Thus, I think that on the relative greatness of these two hierarchs there is no real disagreement between us. I certainly acknowledge Bishop Theophans greatness as a theologian and a patristic scholar, and my only reason for emphasizing Bishop Ignatius in The Soul After Death is that it was he and not Bishop Theophan who spoke in such detail against the Western errors with regard to the Orthodox teaching on life after death. I very much welcome your research on Bishop Theophan, whom I greatly respect and admire, and who unfortunately is not as appreciated as he should be today owing to the inclination of some people nowadays to view him rather naively as “scholastic” just because he translated some Western books or perhaps used some Western theological phrases.

Regarding the specific point of Bishop Theophans disagreement with Bishop Ignatius’ teaching: You are correct in the supposition expressed in your private letter to me that when I wrote of this disagreement on page 36 of The Soul After Death I had not read Bishop Theophans booklet Soul and Angel, which criticizes Bishop Ignatius’ teaching, and that my comments there were indeed based solely on Fr. Florovsky’s small reference to it. Having since been able to obtain and read Bishop Theophans booklet, I see that my comments there are not precise. You are, of course, correct that there was no “dispute” between the two, but only Bishop Theophans disagreement, expressed after the death of Bishop Ignatius. The point of disagreement was also not expressed precisely (as I will discuss below). The main question you raise, however, is whether indeed this disagreement was a “minor” one, as I have stated; this question I would like to address here briefly.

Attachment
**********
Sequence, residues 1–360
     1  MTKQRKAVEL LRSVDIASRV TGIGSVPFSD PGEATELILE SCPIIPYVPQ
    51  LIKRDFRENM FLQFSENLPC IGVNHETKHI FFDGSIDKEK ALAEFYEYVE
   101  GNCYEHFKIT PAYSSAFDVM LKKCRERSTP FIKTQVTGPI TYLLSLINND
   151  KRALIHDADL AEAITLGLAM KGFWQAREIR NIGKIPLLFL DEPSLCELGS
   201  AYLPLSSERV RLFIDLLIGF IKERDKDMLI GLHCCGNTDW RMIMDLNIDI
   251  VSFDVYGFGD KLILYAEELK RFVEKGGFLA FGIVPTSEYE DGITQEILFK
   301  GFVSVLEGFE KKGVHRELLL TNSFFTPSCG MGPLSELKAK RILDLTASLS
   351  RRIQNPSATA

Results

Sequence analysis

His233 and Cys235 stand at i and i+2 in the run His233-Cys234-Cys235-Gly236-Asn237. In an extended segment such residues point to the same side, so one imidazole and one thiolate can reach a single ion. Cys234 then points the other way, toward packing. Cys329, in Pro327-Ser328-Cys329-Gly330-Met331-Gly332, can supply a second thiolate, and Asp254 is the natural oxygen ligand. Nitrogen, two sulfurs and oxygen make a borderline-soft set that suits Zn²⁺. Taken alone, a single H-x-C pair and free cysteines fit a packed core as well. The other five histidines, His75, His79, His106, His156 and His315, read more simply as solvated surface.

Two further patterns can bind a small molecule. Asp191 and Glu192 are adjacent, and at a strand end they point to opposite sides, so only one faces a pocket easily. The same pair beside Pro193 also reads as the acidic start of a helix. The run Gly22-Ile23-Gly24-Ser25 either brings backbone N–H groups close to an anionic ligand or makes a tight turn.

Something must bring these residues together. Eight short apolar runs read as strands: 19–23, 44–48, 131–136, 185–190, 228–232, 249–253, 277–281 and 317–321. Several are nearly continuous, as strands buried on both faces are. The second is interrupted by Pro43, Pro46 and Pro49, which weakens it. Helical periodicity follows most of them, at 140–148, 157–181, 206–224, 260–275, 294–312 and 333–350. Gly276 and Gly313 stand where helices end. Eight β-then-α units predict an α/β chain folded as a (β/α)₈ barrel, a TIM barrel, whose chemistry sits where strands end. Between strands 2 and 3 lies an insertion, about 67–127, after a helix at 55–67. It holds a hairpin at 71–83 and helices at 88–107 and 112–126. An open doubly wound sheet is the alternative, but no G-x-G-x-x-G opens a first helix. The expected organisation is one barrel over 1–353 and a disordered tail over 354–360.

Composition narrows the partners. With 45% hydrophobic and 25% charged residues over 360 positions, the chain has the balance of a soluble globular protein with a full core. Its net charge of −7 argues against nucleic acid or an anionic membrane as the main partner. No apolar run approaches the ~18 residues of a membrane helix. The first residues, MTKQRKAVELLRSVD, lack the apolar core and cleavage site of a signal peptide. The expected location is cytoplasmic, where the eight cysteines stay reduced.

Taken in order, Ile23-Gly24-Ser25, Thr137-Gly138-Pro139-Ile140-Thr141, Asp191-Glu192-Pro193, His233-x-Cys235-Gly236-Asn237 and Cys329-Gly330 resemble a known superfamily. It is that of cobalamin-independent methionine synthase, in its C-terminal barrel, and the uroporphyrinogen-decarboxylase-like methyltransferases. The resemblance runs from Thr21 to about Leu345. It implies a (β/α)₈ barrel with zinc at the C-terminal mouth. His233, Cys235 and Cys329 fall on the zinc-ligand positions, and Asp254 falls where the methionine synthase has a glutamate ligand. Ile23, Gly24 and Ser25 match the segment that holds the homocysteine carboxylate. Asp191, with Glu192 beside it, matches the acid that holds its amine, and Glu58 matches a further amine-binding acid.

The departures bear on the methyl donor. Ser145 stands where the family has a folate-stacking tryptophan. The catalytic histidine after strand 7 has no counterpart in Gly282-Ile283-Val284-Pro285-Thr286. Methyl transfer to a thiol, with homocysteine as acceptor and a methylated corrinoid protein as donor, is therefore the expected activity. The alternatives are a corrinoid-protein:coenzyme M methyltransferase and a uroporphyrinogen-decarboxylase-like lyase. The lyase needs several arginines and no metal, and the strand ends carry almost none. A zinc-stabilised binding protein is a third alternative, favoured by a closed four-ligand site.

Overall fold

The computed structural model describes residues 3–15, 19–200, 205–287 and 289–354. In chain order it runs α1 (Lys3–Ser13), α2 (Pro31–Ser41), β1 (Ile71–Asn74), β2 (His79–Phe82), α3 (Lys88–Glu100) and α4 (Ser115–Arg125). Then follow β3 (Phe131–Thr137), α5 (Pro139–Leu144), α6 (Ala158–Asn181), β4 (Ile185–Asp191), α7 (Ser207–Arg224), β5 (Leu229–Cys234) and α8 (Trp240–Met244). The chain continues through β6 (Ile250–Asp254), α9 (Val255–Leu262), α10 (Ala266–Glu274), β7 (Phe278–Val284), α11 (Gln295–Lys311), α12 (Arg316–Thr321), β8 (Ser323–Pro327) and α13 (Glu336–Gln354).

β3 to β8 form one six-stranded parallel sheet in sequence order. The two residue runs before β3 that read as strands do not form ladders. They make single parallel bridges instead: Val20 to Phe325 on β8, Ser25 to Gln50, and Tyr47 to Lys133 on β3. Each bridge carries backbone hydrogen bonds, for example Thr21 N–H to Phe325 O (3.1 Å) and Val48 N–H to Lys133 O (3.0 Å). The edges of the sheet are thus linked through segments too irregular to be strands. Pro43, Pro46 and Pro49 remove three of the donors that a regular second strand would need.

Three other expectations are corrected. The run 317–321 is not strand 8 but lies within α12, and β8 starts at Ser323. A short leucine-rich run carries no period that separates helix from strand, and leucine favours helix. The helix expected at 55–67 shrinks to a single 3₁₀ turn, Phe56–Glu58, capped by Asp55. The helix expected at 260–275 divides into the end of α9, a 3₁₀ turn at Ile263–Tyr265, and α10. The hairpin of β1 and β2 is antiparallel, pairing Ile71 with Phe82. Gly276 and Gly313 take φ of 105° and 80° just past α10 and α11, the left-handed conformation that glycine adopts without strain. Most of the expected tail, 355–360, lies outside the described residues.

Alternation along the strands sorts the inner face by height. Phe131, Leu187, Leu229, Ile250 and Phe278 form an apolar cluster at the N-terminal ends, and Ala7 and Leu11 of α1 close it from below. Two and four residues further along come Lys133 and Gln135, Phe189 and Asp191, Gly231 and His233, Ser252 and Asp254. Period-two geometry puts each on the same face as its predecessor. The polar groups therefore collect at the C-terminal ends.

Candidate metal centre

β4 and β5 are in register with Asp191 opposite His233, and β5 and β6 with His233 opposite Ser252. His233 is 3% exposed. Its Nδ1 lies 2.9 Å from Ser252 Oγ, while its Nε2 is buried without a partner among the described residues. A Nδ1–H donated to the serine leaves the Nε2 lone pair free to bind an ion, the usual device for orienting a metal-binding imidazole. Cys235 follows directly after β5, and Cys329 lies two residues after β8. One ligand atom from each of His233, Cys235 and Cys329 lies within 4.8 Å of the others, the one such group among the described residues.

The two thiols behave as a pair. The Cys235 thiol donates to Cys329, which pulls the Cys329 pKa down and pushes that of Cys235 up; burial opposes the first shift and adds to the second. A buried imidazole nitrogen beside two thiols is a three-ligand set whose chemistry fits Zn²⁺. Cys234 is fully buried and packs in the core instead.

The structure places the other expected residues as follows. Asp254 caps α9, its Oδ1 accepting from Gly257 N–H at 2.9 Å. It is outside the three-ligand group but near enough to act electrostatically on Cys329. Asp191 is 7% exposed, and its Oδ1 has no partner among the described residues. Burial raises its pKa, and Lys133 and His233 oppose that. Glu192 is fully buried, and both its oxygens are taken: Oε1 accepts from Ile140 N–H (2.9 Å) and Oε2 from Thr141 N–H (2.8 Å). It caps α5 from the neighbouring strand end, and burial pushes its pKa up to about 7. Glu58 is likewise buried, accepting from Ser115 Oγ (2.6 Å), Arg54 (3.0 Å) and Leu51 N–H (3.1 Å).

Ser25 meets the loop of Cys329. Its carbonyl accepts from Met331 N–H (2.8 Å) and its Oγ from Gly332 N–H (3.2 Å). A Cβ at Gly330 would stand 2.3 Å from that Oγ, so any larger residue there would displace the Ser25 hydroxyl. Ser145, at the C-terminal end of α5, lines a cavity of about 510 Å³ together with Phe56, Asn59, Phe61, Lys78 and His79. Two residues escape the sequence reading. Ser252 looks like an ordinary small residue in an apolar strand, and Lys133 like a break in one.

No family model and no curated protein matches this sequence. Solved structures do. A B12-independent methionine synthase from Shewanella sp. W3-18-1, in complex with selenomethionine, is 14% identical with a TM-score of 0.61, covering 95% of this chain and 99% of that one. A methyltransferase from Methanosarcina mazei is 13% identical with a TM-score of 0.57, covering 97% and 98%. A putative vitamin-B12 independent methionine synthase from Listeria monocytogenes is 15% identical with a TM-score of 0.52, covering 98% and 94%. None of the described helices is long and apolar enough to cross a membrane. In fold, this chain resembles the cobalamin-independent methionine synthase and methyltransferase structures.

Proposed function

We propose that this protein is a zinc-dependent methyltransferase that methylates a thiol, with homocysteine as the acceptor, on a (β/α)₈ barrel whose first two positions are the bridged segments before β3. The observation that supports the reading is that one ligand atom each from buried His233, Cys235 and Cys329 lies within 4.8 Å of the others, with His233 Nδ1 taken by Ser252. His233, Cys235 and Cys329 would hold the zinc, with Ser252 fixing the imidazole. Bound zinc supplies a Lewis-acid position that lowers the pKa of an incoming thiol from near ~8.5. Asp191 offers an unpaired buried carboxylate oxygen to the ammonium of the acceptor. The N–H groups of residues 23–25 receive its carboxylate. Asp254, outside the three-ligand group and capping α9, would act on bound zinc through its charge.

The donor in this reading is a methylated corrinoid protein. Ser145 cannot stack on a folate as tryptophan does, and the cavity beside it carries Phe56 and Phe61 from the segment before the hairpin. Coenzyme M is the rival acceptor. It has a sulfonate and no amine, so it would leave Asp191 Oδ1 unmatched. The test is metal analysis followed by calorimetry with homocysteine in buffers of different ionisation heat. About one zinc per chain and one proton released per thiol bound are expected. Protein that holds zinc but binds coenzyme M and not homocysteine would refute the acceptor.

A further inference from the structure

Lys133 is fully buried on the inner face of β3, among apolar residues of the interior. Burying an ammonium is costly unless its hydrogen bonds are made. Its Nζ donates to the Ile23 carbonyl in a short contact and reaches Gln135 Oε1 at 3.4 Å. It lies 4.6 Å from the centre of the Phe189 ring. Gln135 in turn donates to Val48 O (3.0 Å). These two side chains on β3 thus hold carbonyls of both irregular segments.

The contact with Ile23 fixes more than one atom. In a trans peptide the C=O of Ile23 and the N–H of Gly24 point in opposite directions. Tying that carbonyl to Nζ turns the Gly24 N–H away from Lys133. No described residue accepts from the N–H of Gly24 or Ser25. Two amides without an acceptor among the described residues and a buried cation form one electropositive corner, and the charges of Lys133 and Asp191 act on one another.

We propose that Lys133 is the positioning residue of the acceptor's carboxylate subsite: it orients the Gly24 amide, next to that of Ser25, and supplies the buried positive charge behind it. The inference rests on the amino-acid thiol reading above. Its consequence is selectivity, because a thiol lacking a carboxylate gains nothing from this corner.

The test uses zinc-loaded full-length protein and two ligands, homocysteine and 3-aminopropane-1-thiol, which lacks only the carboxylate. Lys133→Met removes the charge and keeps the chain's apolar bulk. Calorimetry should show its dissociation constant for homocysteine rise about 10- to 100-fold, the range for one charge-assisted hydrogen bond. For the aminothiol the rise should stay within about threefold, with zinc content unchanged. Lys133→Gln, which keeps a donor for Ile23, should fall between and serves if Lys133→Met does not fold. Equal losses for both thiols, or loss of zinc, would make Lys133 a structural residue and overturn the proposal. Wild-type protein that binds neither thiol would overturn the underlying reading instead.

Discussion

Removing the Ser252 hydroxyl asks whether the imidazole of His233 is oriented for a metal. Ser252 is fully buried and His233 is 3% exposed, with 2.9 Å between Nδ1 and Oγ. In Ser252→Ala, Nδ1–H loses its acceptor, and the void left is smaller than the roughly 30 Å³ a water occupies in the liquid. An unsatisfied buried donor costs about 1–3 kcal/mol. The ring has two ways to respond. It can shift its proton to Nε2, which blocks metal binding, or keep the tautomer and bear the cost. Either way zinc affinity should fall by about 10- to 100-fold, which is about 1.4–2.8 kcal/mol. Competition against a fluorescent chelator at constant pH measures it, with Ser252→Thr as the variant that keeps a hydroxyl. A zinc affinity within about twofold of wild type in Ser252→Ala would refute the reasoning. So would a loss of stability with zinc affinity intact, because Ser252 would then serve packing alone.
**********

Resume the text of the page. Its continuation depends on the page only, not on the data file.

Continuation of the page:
Perhaps this question is only a semantic one, based on a difference of perspective in viewing the disagreement between these two theologians. Anyone reading Bishop Theophans Soul and Angel, with its 200 (albeit small) pages criticizing Bishop Ignatius’ teaching, and seeing the emphasis with which Bishop Theophan accused what he regarded as Bishop Ignatius’ error, might be inclined to call the disagreement a “major” one. But in looking at the whole context of Bishop Ignatius’ teaching on life after death, I still cannot help seeing this disagreement as a “minor” one, for the following reasons: